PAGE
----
Pinterest/Interest

Monday, June 4, 2012

The Power of Sleep

Sleep is a vital component of living; without adequate sleep, we remain tired and grumpy, perhaps even lethargic and/or depressed.

 It appears that adequate sleep can be different for different people, but I'll assume the tried-and-true 8 hours per night is adequate. The key word is "adequate". Being a person who suffers from sleep apnea and uses a cpap machine to get adequate sleep, I have experience with the problem of lack of adequate sleep. Before I was diagnosed with sleep apnea, perhaps 15 years ago, a 12-hour night of sleep left me exhausted and practically unable to function. I fell asleep at work more often than I want to admit. Fortunately, I had understanding co-workers and didn't get fired. I still need about 10 hours of sleep per night to feel alert. So, just to function in a busy and chaotic world, we need adequate sleep.

But adequate sleep has other benefits than just keeping our energy level high. For the creative writer, it may be an important component of our creativity. An article in the April 23, 2012 Time magazine "Shhh! Genius at Work" discusses the importance of sleep to creativity. Several scientific studies support the connection between sleep and creativity (and problem solving). The article mentions that Mary Shelley came up with the idea for her novel Frankenstein from a dream.

I think most writers can attest to the power of sleep for our writing. I see on blogs a lot of talk about sleep. Mostly complaints about not getting enough sleep, even complaints of coming up with ideas in sleep and waking up. But, really, this is a positive effect of sleeping well. Our minds are free from the restraints of our awake consciousness. This freedom of the mind to try out different solutions to problems while we're sleeping allows for more options: greater creativity. Many, many times I've awoken in the middle of the night with the solution to a problem in a story I was working on, mainly problems of plot. I've always valued ideas generated when I was asleep. I've written dialogue, even entire scenes in my mind while asleep, woke up, and wrote it all down at 2 a.m.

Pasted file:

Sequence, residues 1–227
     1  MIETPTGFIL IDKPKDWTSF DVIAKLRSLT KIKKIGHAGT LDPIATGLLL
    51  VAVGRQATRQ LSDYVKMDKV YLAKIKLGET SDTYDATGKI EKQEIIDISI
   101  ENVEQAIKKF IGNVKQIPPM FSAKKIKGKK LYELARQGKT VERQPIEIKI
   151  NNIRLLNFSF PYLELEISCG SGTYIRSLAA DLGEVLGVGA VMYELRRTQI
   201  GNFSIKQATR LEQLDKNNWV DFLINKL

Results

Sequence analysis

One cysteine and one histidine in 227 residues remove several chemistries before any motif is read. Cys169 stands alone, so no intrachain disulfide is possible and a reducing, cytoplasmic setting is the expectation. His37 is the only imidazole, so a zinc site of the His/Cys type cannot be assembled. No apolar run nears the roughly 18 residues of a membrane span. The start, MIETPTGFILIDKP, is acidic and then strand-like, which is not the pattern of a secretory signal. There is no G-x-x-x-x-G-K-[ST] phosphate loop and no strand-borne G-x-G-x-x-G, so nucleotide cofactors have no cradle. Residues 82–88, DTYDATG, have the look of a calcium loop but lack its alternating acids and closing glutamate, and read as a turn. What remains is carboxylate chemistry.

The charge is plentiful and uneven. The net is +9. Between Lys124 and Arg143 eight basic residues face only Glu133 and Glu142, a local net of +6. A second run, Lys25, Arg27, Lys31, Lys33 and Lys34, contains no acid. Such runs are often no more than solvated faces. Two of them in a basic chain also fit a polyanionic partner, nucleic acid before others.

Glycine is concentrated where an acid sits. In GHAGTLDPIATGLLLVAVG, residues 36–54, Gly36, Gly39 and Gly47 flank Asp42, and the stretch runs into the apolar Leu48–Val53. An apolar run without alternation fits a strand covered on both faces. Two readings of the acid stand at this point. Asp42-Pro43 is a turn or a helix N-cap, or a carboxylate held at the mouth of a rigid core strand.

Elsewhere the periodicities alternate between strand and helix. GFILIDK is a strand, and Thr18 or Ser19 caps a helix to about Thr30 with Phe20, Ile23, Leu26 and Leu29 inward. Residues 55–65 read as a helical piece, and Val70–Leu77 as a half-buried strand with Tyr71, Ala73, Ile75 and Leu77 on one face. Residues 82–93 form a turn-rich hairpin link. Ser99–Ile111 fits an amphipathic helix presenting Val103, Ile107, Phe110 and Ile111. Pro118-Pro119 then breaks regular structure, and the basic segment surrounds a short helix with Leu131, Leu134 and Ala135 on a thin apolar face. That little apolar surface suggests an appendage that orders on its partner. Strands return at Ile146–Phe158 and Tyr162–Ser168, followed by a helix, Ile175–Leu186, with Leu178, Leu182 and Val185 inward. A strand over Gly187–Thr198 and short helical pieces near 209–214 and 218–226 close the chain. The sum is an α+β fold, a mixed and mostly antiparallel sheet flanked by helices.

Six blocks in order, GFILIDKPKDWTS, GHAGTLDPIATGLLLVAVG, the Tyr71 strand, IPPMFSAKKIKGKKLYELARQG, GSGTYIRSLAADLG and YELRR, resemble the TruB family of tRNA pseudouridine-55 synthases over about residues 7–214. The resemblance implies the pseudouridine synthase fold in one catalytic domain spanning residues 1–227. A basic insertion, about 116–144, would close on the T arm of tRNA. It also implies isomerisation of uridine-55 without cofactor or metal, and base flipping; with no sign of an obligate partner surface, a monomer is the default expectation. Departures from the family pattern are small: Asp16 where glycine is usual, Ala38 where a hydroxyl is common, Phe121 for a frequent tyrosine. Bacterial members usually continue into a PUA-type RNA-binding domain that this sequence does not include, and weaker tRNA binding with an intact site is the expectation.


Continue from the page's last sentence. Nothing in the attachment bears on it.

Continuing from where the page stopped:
This tremendous benefit of sleeping may actually become a liability for many writers. And I think this is the primary problem for many of us. This waking up in the middle of the night causes us to be tired during the day when we have to work at our full time jobs. It helps make our workday unhappy, and this causes dilemmas for us. It probably kills more writing careers than anything. We just can't do both, write well and consistently when we're tired. Time management also becomes a big issue. But that's another topic. (This also goes for stay-at-home moms, who are also writers, with young children to care for.) The obstacles to writing are so great for both that many just give up.

But the full time writer, especially without children to care for, who can sleep as late as she wants, can reap tremendous rewards from waking up in the middle of the night to write down her inspirations. It's just too bad the vast majority of us can't live without a full time job. Most of us don't want to live in poverty, especially if we have families. Plus, in the USA, our jobs are our source for health insurance: no job, no insurance (not good). Unfortunately, we opt for our jobs, security, and suffer the unhappy consequences of hating our jobs.

12 comments:

Elizabeth Varadan aka Mrs. Seraphina said...